UNEP [20] published a monogram in 2013 titled “Technologies for converting waste agricultural biomass to energy”. The publication outlined the state of biomass conversion technologies as presented in Figure 3. According to a more recent study conducted by IRENA [13], it appears there has not been much progress in biomass conversion technologies since 2013. The identified barriers against the commercialization of fuels from biomass and investment risks are persisting

The technologies that are fully commercialized to-date are related to biomass densification and combustion. These two technologies are fully at the readiness TR 8 and 9. Although, bio-char has been commercialized at a relatively small scale, problems with odor, emissions, and a potent dust are yet to be worked out. Anaerobic digestion is also a proven technology at a commercial scale in some parts of the world. The low calorific value biogas is mostly used in internal combustion engines to produce power.

The specific aspects of biogas that require further research relate to operating the gasifiers in cold climates and on selecting the blends of fibrous cellulosic material for its optimal conversion to biogas. The production of pyrolysis oil is commercialized but its full application except burning as a burner fuel has not been discovered. Although cellulosic bioethanol is claimed to be at the verge of commercialization [21], the evidence from pioneer plants in the U.S. shows that challenges in variability in feedstock properties [22] [23] that would lead to a low conversion rate yet to be overcome.


The authors acknowledge the financial support received from Ministry of Human Resource Development (MHRD), Government of India for the Project ID-904 under the Scheme for Promotion of Academic and Research Collaboration (SPARC) and support of the CCS Haryana Agricultural University, India and University of British Columbia, Canada.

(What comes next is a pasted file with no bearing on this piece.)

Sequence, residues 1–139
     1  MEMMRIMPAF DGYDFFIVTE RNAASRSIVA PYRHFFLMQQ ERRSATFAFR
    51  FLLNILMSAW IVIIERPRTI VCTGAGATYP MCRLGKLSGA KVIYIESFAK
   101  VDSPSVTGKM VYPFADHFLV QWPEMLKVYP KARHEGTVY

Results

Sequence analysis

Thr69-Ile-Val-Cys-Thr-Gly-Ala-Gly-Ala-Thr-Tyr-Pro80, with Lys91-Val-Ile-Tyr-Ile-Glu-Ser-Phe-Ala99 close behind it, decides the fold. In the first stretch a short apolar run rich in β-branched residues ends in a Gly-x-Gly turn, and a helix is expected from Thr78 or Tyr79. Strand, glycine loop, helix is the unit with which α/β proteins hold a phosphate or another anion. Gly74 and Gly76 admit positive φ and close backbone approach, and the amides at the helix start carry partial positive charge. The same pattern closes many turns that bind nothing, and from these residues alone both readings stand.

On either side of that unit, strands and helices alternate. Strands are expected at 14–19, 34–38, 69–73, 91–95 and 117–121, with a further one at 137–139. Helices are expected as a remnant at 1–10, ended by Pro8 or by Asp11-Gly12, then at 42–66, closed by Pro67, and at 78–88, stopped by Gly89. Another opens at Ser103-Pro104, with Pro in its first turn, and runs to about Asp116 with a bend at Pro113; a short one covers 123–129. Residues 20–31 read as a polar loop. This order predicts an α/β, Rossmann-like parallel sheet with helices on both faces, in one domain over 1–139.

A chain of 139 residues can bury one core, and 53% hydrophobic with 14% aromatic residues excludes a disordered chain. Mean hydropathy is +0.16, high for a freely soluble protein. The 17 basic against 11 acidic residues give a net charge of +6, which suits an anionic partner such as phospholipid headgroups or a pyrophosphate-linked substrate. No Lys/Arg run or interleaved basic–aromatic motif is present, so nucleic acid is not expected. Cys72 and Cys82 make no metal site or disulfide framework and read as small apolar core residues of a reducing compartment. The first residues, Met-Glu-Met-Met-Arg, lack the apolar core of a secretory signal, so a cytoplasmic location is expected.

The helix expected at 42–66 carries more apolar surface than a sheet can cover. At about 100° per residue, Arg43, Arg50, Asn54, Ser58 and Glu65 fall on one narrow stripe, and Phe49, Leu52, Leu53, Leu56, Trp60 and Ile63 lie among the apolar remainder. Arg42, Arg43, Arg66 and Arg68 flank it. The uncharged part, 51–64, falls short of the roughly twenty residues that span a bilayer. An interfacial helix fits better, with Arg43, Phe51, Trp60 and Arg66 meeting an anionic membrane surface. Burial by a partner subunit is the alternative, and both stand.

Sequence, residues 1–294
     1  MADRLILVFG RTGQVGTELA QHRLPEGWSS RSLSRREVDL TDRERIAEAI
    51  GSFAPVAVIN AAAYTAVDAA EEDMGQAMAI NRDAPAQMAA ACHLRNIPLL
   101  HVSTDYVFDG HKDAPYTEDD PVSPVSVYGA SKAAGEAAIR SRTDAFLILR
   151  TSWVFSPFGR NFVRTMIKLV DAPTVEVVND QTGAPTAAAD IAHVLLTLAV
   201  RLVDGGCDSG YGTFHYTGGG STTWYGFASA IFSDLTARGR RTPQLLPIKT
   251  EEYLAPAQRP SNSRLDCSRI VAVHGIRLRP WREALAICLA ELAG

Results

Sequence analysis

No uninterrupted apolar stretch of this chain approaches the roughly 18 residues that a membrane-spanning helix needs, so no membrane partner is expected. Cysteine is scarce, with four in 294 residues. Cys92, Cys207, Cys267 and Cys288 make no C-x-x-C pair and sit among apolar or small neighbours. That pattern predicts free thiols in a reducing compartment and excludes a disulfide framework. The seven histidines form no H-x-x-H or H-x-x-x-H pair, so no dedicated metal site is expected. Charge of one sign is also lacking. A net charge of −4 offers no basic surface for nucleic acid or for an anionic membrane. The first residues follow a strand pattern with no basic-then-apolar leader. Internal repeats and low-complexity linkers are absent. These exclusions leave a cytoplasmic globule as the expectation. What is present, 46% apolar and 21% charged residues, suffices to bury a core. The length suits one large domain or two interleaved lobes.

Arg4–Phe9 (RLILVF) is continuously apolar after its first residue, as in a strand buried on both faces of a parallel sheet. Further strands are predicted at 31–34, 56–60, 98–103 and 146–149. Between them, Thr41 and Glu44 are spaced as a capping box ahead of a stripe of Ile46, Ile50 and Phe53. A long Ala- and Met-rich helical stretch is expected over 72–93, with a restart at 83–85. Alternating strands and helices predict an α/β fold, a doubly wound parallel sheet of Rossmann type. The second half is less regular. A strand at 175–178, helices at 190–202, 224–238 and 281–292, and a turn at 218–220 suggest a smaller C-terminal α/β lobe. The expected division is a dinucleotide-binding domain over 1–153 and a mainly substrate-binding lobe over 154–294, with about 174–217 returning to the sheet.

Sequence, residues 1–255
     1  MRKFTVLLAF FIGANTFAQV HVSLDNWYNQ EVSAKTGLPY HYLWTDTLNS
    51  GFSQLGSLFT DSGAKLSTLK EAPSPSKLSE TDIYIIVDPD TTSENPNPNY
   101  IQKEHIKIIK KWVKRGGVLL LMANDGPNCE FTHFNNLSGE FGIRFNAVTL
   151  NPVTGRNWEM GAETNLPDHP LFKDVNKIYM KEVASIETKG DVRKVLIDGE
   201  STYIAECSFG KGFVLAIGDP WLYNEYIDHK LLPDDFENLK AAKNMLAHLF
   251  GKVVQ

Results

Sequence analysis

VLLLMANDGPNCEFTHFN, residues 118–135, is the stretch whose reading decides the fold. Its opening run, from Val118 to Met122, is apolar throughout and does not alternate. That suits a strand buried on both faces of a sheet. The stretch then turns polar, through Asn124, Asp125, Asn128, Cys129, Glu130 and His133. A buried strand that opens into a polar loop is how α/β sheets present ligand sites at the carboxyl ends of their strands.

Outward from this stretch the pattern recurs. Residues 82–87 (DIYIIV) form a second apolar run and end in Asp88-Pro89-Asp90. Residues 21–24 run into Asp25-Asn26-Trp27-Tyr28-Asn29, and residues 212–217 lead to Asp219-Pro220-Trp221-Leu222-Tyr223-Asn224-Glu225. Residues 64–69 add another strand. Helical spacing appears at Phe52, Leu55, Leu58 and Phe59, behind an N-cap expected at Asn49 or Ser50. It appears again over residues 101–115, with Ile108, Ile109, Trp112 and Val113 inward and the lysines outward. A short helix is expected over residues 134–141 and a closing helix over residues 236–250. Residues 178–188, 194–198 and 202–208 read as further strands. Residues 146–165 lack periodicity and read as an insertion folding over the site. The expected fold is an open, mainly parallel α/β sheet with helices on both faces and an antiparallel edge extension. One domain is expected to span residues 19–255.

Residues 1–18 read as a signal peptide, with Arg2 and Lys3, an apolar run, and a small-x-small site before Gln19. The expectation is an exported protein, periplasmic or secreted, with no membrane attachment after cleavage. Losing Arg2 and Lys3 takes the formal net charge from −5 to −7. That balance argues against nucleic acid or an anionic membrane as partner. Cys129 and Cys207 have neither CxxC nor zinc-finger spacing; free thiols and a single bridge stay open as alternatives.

Cite this paper: Sokhansanj, S. , Yadav, Y. , Lau, A. , Yadvika, &. , Ebadian, M. and Verma, K. (2021) Identification of Techno-Economically Viable Crop Residue Utilization in India. Journal of Sustainable Bioenergy Systems, 11, 94-104. doi: 10.4236/jsbs.2021.112007.

[1]   Kothari, R., Vashishtha, A., Singh, H.M., Pathak, V., Tyagi, V., Yadav, B.C., Ashokkumar, V. and Singh, D.P. (2020) Assessment of Indian Bioenergy Policy for Sustainable Environment and Its Impact for Rural India: Strategic Implementation and Challenges. Environmental Technology & Innovation, 20, Article ID: 101078.

[2]   Datta, A., Emmanuel, M., Ram, N. and Dhingra, S. (2020) Crop Residue Management: Solution to Achieve Better Air Quality. The Energy and Resources Institute (TERI), New Delhi.

[3]   Sarkar, S., Skalicky, M., Hossain, A., Brestic, M., Saha, S., Garai, S., Ray, K. and Brahmachari, K. (2020) Management of Crop Residues for Improving Input, Use Efficiency and Agricultural Sustainability. Sustainability, 12, 9808.

[4]   Government of Haryana (2018) Policy for Management and Utilization of Crop Residues in Haryana—Draft, Haryana, India. 11 p.

[5]   EIA (2021) Analysis—Energy Sector Highlights.

[6]   Chandra, R. (2019) Personal Communication. Centre for Rural Development and Technology, Indian Institute of Technology, New Delhi.

[7]   Garg, M.K. (2019) Bioenergy Potential from Crop Residue Biomass in India. Slide Presentation. Department of Processing and Food Engineering, CCS HAU, Hisar.